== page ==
LearnGitBranching is a git repository visualizer, sandbox, and a series of educational tutorials and challenges. Its primary purpose is to help developers understand git through the power of visualization (something that's absent when working on the command line). This is achieved through a game with different levels to get acquainted with the different git commands.
You can input a variety of commands into LearnGitBranching (LGB) -- as commands are processed, the nearby commit tree will dynamically update to reflect the effects of each command:
This visualization combined with tutorials and "levels" can help both beginners and intermediate developers polish their version control skills. A quick demo is available here: https://pcottle.github.io/learnGitBranching/?demo
Or, you can launch the application normally here: https://pcottle.github.io/learnGitBranching/
By default the application launches in "sandbox mode" with a basic repository already created. Here you can enter commands and mess around with a repository as much as you like. Keep in mind you can
undoto undo the effects of the last command
resetto start over with a clean slate (works in levels too)
git cloneto simulate remote repositories!
Sandbox mode can be great for demonstrating something to a friend, but the real learning is with levels...
levels to see the available lessons / challenges (and which ones you have solved so far). Each level series aims to teach some high-level git concept, and each tab of levels separates major worlds of info (like remote repositories versus local).
For some added fun, there is a "git golf" concept where we keep track of how many commands you use to solve each level. See if you can match all of our records!
You can share a link to LearnGitBranching with an arbitrary set of commands that will execute upon load by using the
command URL parameter. You will also likely want to disable the intro dialog for this case with the
NODEMO url param; here is an example to get started.
You can build levels with the
build level command. A dialog will walk you through the process, and at the end it will show you a JSON blob that represents the level you just created. Paste that in a gist or directly into an issue and I can check it out / merge in your changes! You can also share this level directly with friends by having them run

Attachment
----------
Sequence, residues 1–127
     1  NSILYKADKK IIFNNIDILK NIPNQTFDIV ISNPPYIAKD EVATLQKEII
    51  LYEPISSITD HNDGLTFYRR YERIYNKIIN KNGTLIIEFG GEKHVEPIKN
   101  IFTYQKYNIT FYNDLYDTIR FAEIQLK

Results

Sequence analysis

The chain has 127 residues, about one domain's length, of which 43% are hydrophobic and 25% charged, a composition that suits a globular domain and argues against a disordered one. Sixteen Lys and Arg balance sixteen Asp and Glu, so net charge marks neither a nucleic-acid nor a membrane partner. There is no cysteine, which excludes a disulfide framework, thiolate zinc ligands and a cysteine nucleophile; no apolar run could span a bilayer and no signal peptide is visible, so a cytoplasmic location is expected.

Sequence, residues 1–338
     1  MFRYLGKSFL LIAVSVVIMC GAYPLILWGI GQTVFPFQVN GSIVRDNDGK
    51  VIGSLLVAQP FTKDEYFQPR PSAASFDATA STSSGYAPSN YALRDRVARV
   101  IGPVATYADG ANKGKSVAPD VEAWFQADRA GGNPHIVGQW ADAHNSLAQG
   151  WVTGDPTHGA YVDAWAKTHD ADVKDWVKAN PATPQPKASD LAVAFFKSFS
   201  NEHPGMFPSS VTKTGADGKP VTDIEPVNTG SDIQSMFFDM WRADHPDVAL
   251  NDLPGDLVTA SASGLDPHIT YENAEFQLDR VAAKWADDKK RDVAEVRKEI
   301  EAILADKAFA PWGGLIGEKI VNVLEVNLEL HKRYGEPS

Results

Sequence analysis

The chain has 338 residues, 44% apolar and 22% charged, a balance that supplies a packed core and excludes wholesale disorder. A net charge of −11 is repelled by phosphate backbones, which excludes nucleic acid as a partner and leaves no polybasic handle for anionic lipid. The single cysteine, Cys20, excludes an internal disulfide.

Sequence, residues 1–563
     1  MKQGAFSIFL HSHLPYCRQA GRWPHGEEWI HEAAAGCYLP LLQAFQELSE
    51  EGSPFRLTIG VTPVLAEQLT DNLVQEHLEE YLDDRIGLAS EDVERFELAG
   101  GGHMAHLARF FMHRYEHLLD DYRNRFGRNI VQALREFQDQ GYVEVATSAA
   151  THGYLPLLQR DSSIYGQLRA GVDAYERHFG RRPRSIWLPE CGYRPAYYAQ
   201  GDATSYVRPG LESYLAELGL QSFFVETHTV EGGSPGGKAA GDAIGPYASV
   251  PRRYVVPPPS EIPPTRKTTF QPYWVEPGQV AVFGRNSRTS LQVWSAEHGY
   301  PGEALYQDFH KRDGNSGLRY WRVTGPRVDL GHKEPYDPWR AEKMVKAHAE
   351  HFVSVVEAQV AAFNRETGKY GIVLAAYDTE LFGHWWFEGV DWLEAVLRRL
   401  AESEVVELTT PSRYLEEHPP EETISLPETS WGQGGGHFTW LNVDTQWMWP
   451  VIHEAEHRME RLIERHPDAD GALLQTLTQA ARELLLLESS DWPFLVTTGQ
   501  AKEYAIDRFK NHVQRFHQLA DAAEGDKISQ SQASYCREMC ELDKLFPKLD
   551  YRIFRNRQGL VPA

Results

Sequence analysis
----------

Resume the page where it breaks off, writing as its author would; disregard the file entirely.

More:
import level and paste the JSON in the resulting text field, or simply send them a custom URL with the the gist ID in the parameters, like so:
Reporting Bugs / Opening Issues
When reporting bugs, try running the command
debug_copyTree() in your JS console when in a state just before reproducing a bug. This can avoid having to copy all the commands you used to get into a specific state. (I can then use the
importTreeNow command to get to that exact state)
How the app works / Contributing functionality
Because the app contains a lot of code, I have written everything into Nodejs-style modules. The modules are packaged together with the
Browserify and then sent down in a format the browser can understand.
As of December 2013, I've migrated the build process to use Grunt >0.4, since the older version was giving a lot of people build headaches. It should be fairly rock solid now!
Here is the high-level process of the build:
- The code is written into the node.js modules which require other modules
- CSS is written into just one stylesheet (there is not a whole ton of styling)
- New HTML is written into a template HTML file (
template.index.html). Only needed for new views
- The app is "built", which outputs:
index.htmlin the root directory
- CSS and JS files in
- If the app is being built for production, then these CSS and JS files are hashed (to bust caches) and tests are run
- That's it!
Thus, if you build the app locally, all you have to do in order to run the app is just open up
index.html in the root directory of the repo. Pretty simple
Building yourself / Contributing Functionality
For contributing core functionality in the app, you'll probably want to test your changes at least once before submitting a pull request. That means you'll need the "gulp.js" build tool to build the app:
You'll also need
yarn to download all the dependencies of the project.
The general workflow / steps are below:
git clone <your fork of the repo> cd learnGitBranching yarn install git checkout -b newAwesomeFeature vim ./src/js/git/index.js # some changes yarn gulp fastBuild # skips tests and linting, faster build # after building you can open up your browser to the index.html # file generated and see your changes vim ./src/js/git/index.js # more changes yarn gulp build # runs tests and lint git commit -am "My new sweet feature!" git push # go online and request a pull
Alternatively, you can also build and run the app in a pre-configured online workspace:
A big shoutout to these brave souls for extensively testing our sandbox and finding bugs and/or inconsistencies:
- Nikita Kouevda
- Maksim Ioffe
- Dan Miller
And the following heroes for assisting in translating:
- Jake Chen
- 우리깃 ("urigit")
- Joël Thieffry
- Jens Bremmekamp ("nem75")
- Ming-Hsuan-Tu ("twmht")
- Mikhail Usov ("mikhailusov")
- Matias Garcia Isaia ("mgarciaisaia")
- Marc-Olivier Arsenault ("marcolivierarsenault")
- Eroany H Leader ("lhyqy5")
- Honorat ("ahonorat")
- Vasil Kulakov ("coyl") & Lyubov Agadjanyan ("shayenblue")
- Aliaksei Berkau ("alexeiberkov")
- Mizunashi Mana ("mizunashi-mana")
Also huge shoutout for everyone who has put up a pull request that was pulled! Check out the 30+ contributors we have in the Contributors View
And everyone who has reported an issue that was successfully closed!